This rod comes with a generous cork handle, so even when splashed with water, your grip on the rod wouldn’t falter. The blanks are made from graphite for optimal performance. It has Fuji reel seats and guides, which goes with the high quality of the Falcon.
- Premium build and good design
- Sturdy rod with a long lifespan
- Highly flexible with a quick response
- Natural cork handle for a steady grip
- It’s a pricey rod
Okuma is famous for its travel rods, and the Inshore line retains all the benefits of a portable rod, plus a few more perks. This 7’ rod is made from highly durable graphite covered with a carbon layer for extra strength.
It splits into three pieces but looks and performs as a seamless rod, thanks to the unique European spigot ferrule type of connection. The beauty of its design doesn’t end here. It’s among the best looking rods you can get, besides having a split-butt rear grip, Zirconium inserts, and a double-toned reel seat made from anodized aluminum.
This luxurious rod comes in a waterproof padded case, and it contains two tip options: a heavy one and a lightweight one. This offers you a range of action from medium-low to medium-high. In essence, this is getting the benefits of two rods, but traveling with only one.
- 3-part travel system
- Made from durable materials
- Elegant design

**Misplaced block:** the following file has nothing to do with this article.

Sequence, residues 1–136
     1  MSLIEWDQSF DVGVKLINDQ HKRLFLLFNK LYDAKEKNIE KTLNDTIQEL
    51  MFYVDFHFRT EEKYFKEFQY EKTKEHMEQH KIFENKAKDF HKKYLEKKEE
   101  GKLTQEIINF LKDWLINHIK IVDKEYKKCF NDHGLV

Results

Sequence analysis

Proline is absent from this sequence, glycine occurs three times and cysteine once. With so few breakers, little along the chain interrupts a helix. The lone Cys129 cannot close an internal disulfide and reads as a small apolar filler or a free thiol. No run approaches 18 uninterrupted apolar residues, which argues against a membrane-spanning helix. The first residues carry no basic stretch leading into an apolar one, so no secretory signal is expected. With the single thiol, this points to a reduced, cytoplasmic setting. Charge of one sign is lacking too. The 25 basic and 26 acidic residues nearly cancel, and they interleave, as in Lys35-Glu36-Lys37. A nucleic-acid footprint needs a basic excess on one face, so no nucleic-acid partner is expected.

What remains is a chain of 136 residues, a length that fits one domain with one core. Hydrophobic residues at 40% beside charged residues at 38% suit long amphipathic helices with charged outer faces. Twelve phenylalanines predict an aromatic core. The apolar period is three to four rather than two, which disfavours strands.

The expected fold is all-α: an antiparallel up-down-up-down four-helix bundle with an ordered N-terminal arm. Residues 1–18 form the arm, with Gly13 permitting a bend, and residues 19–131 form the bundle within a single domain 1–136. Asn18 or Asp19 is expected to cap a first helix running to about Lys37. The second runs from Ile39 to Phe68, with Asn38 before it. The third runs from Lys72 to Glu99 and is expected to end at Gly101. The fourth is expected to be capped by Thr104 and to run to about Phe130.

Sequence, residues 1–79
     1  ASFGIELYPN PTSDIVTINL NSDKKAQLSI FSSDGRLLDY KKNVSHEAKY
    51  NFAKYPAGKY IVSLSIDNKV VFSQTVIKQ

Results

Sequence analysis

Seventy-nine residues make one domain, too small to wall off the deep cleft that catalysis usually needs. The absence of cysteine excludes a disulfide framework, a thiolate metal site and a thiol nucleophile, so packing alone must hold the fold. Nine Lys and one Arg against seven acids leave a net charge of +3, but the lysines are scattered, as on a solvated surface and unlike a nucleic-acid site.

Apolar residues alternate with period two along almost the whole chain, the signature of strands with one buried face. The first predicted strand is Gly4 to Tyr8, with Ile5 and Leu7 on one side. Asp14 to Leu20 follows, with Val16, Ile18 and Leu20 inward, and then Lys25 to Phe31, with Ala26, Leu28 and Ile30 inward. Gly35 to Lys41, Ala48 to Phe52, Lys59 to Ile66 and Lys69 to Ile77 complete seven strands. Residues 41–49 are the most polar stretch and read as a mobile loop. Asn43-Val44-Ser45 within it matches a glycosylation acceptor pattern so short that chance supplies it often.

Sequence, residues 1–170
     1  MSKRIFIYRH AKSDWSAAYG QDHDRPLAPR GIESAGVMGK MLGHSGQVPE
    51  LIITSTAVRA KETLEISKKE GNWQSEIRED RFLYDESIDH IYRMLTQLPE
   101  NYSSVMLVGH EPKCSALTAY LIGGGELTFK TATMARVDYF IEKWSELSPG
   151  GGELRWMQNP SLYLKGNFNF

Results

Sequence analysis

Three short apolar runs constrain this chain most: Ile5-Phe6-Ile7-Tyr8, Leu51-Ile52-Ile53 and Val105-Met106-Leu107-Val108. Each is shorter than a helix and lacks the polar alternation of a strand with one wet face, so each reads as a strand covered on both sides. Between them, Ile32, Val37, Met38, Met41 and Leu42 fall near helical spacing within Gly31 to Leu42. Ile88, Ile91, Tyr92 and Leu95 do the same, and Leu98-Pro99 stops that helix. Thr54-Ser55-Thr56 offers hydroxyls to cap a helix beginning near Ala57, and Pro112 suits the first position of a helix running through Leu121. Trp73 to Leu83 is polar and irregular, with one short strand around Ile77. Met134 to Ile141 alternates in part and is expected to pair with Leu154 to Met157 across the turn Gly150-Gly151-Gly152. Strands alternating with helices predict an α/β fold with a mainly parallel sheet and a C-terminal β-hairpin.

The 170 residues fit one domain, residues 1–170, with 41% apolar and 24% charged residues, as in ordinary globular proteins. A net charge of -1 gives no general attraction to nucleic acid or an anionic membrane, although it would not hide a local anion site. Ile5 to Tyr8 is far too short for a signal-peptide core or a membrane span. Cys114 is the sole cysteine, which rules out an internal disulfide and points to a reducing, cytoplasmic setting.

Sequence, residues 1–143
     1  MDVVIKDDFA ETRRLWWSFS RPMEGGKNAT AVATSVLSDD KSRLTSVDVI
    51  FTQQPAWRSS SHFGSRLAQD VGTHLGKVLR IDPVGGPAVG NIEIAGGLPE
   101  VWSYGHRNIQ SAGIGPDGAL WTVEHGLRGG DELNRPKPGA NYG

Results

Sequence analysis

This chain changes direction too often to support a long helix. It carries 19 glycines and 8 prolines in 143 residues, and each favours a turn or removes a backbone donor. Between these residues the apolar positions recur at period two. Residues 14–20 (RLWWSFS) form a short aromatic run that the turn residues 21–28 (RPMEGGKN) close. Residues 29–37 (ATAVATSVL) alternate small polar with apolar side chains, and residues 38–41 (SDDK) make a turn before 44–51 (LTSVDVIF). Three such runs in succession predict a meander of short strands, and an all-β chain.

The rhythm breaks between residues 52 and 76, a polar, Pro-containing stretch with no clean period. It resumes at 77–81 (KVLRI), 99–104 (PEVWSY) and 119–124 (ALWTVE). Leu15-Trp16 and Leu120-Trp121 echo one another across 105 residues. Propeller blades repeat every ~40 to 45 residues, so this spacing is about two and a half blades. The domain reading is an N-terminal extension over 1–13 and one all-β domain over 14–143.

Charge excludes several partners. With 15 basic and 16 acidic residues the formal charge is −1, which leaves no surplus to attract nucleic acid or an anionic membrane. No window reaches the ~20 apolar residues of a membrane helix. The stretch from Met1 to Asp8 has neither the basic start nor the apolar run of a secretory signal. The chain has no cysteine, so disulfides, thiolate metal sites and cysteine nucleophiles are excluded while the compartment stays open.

- Versatile usage
- Comes with a carrying case
- The handle could be a bit longer than it’s wide for a more steady grip
The 7’6” Hurricane Redbone is a beauty you’d probably love at first sight. It has stylish looks, feels comfortable even after long hours of fishing, and it’s built to the highest standards known to anglers.
It’s a medium-heavy casting rod created for inshore adventures. The top-quality materials making up the Hurricane set it up for saltwater fishing with no concern at all for corrosion. It’s highly durable and would serve you well for years to come.
- Stylish design
- Sturdy materials
- Long lifespan
- Corrosive resistant
- It goes out of stock quickly, and so it’s a bit hard to find
How to Choose the Right Rod for Kayak Fishing
Normally, anglers have three or four rods. That’s not the same way people buy scarves in different colors. It’s more like the necessity of having winter and summer clothes, in addition to daywear and beachwear. None of these items can replace another.
There’s a perfect usage for every type of fishing rod, and the following points should assist you in the selection process.
Specify Your Favorite Fishing Location
Kayakers often go to one of six fishing destinations:
- Open water fishing
- Sea fishing
- Bay fishing
- Freshwater lake fishing
- Saltwater lake fishing
- River fishing
The type of kayak you’d use in the open or sea waters is different from the ones you’d take to a lake. Furthermore, the type of fish you expect to catch in each one of these fishing destinations is often unique to that place.